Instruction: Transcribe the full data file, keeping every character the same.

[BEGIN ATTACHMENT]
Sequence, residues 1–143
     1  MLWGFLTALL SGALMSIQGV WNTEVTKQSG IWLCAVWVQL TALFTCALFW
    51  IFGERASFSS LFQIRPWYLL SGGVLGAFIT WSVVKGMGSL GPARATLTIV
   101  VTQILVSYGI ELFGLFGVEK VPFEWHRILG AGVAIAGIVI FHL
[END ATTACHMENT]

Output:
Sequence, residues 1–143
     1  MLWGFLTALL SGALMSIQGV WNTEVTKQSG IWLCAVWVQL TALFTCALFW
    51  IFGERASFSS LFQIRPWYLL SGGVLGAFIT WSVVKGMGSL GPARATLTIV
   101  VTQILVSYGI ELFGLFGVEK VPFEWHRILG AGVAIAGIVI FHL